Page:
When Bruce Chatwin met Eileen Gray


An unpublished interview by Bruce Chatwin with Irish designer Eileen Gray in 1972 for the Sunday Times when her lacquer screen, Le Destin, sold for $64,000, a then record, inspired Patricia O’Reilly’s new novel

My impetus to write The Interview was a remark at a lunch that Bruce Chatwin had interviewed Eileen Gray in 1972 for The Sunday Times when her lacquer screen, Le Destin, sold for $64,000, the then highest price ever paid at auction for a “modern” antique.

Eileen Gray (1878-1976), the Irish designer, architect and painter, has been part of my life for the past two decades. I’ve researched her, written about her, dreamt about her and talked about her as far afield as Monaco, but I hadn’t come across that interview.

In the National Library, fruitlessly, I trawled through reels of microfiche. The Sunday Times office in London was helpful but couldn’t help; Bruce Chatwin’s wife, Elizabeth, said he’d done the interview, but, as far as she knew, he hadn’t ever written it up.

Curious and curiouser. In the early 1970s Chatwin was the golden boy of Fleet Street; his profiles were news. The sale of the Destiny Screen had focused the international spotlight on the reclusive Gray for the second time in her life. And she was news. An interview by Chatwin about Gray was really big news.

She had first made the headlines in 1913 when the couturier and fine arts collector Jacques Doucet not only bought the screen but insisted she sign it – her only signed piece. Throughout the years of her success, it was well known that she disliked the media and her reluctance to be interviewed grew into refusal with age.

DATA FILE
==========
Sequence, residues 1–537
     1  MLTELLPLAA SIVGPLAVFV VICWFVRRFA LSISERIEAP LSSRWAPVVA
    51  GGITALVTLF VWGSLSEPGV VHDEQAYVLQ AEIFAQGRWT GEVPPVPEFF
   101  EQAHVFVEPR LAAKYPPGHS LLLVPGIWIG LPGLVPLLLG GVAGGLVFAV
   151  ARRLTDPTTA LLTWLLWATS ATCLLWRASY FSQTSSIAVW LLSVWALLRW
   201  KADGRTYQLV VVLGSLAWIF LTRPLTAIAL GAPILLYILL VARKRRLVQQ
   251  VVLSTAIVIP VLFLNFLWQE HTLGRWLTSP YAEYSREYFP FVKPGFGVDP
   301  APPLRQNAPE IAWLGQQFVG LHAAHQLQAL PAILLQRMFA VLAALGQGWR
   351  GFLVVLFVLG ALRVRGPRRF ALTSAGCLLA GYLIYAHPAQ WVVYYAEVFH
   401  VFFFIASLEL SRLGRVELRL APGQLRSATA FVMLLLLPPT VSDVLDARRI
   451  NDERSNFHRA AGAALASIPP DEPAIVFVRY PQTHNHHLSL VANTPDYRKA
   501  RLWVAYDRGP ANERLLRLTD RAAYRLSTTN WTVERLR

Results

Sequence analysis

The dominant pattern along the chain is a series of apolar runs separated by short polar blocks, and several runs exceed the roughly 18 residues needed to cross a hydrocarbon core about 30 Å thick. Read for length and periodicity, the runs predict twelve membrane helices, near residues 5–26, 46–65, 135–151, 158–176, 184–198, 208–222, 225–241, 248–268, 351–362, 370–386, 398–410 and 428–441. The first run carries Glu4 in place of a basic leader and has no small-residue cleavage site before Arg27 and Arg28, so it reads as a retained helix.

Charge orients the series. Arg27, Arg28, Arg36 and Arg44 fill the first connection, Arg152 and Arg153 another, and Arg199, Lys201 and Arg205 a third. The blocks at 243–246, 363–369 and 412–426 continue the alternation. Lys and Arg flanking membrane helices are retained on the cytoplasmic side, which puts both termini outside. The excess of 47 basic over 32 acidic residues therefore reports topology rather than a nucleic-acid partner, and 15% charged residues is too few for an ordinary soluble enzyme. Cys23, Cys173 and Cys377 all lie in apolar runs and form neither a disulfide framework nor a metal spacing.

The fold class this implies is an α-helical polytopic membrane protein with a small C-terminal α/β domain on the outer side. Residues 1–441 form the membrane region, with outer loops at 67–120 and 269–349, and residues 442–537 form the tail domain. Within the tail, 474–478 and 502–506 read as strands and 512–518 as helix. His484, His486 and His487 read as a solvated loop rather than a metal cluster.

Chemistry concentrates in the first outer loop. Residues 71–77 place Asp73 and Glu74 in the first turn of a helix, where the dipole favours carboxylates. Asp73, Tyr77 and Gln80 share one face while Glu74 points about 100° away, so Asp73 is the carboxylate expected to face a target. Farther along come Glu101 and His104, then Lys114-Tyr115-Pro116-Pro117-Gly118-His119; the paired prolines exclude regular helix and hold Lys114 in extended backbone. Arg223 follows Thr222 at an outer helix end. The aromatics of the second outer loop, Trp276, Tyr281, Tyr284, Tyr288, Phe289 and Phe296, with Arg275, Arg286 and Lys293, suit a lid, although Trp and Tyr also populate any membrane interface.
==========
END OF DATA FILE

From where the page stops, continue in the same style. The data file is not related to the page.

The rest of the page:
I knew Bruce had spent time with her from the letter he wrote from his Sloane Avenue address in London thanking her “for the most enjoyable Sunday afternoon I have spent in years”. What happened between them? What did they discuss? Most pertinently, why wasn’t the interview published?

Those questions were the hooks on which to hang the book I’d long wanted to write.

I had a wealth of material, with enough facts to give the story authenticity and plenty of scope for creativity. I also had two fascinating, high-profile characters; a conundrum of questions; settings in Paris, London, Wexford and the south of France; and a time span running from the late 1800s to the early 1970s.

The voice of the story was easily settled. But structure? After much to-ing and fro-ing, I settled on using interview techniques – it helped that I’d a background in journalism. And so began the process of sorting through my research – whiteboards, yellow stickies all over the office, a tape recorder and a notebook permanently glued to me. I’d intersperse Bruce’s questions and Eileen’s answers with various aspects of their lives. They had much in common.

I labelled the book BIP12 (book in progress 12). Ten of my books are published, the eleventh languishes in a drawer in the spare room.

It’s well-known that point of entry is one of the most important scenes in a novel. I open with 32-year-old Bruce Chatwin on his way to his meeting with Eileen Gray – browsing the second-hand book stalls along the banks of the Seine, turning into Saint Germain des Prés and walking along rue Bonaparte, his sweep of blond hair growing wet in the rain.

Cut to the fragile, lonely and melancholic Eileen Gray. Swathed in grey cashmere, moving around her apartment on a walking stick, grizzling about an unknown caller, taking pleasure in reliving the drawing of more than half a century ago that’s pinned to her board, and still battling her childhood anxiety of creeping dusk.

My two main characters had made their appearance. Now for the story of what happened between them on that damp November Sunday afternoon.

Eileen Gray, the youngest of five children, was born into an aristocratic Irish family living in Brownswood, Co Wexford. By all accounts she was a sad, lonely child with a habit of sleeping on a pillow outside her mother’s door. When her father left home and marriage to pursue his career in painting, she poured all her love into Brownswood, but her sister’s husband’s “renovation” resulted in the simple Georgian mansion becoming a Victorian “monstrosity” – Eileen’s description. Mother and daughter left to live at The Boltons, their London address.